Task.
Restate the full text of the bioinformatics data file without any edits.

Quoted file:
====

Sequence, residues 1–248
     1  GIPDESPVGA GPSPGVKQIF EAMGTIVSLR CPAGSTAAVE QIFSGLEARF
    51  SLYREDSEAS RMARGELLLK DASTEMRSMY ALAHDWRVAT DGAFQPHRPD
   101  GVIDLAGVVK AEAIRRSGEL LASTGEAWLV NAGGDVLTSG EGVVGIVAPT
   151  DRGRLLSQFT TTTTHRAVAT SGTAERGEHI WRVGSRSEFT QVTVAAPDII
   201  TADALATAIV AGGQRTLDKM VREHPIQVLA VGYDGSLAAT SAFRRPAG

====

Sequence, residues 1–248
     1  GIPDESPVGA GPSPGVKQIF EAMGTIVSLR CPAGSTAAVE QIFSGLEARF
    51  SLYREDSEAS RMARGELLLK DASTEMRSMY ALAHDWRVAT DGAFQPHRPD
   101  GVIDLAGVVK AEAIRRSGEL LASTGEAWLV NAGGDVLTSG EGVVGIVAPT
   151  DRGRLLSQFT TTTTHRAVAT SGTAERGEHI WRVGSRSEFT QVTVAAPDII
   201  TADALATAIV AGGQRTLDKM VREHPIQVLA VGYDGSLAAT SAFRRPAG